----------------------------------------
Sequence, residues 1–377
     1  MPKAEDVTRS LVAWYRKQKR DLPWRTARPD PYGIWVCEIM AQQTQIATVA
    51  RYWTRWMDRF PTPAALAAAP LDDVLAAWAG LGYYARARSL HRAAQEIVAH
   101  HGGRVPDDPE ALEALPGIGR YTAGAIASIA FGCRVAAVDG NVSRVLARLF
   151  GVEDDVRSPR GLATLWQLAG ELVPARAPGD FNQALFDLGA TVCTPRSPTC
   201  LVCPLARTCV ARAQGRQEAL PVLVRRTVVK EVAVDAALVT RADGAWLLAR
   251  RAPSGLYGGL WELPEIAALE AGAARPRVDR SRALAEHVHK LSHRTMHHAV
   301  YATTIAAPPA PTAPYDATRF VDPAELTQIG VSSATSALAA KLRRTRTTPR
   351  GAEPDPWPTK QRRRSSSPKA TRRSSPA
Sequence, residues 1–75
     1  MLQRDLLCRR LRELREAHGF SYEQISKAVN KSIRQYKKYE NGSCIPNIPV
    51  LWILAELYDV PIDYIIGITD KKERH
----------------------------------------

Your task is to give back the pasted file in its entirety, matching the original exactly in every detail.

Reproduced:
Sequence, residues 1–377
     1  MPKAEDVTRS LVAWYRKQKR DLPWRTARPD PYGIWVCEIM AQQTQIATVA
    51  RYWTRWMDRF PTPAALAAAP LDDVLAAWAG LGYYARARSL HRAAQEIVAH
   101  HGGRVPDDPE ALEALPGIGR YTAGAIASIA FGCRVAAVDG NVSRVLARLF
   151  GVEDDVRSPR GLATLWQLAG ELVPARAPGD FNQALFDLGA TVCTPRSPTC
   201  LVCPLARTCV ARAQGRQEAL PVLVRRTVVK EVAVDAALVT RADGAWLLAR
   251  RAPSGLYGGL WELPEIAALE AGAARPRVDR SRALAEHVHK LSHRTMHHAV
   301  YATTIAAPPA PTAPYDATRF VDPAELTQIG VSSATSALAA KLRRTRTTPR
   351  GAEPDPWPTK QRRRSSSPKA TRRSSPA
Sequence, residues 1–75
     1  MLQRDLLCRR LRELREAHGF SYEQISKAVN KSIRQYKKYE NGSCIPNIPV
    51  LWILAELYDV PIDYIIGITD KKERH